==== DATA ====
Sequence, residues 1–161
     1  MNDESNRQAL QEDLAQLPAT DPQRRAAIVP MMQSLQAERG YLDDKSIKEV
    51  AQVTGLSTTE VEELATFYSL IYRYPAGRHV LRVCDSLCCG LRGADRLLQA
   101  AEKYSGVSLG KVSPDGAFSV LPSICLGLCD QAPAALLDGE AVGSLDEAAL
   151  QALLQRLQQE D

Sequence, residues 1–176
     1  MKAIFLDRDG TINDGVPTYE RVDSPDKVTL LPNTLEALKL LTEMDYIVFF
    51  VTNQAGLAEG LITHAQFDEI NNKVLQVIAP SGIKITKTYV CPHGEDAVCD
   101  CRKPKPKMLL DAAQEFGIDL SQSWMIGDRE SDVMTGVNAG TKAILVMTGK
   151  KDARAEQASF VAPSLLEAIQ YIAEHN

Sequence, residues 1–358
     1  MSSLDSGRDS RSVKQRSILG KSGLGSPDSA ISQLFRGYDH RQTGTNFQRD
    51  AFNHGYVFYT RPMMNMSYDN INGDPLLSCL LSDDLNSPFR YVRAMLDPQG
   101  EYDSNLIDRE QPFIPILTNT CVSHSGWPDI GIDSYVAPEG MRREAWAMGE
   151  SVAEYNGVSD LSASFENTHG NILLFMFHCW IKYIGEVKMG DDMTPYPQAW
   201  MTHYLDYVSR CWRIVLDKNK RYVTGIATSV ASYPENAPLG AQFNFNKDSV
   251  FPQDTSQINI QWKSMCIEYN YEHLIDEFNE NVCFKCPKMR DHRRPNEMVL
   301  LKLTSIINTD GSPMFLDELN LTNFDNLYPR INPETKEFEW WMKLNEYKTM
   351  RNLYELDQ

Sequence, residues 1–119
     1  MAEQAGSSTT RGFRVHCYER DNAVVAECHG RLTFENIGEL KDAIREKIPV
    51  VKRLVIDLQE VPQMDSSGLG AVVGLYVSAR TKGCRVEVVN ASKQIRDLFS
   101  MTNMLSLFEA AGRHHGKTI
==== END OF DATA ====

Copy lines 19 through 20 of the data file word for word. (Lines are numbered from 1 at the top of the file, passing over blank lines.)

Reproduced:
   351  RNLYELDQ

Sequence, residues 1–119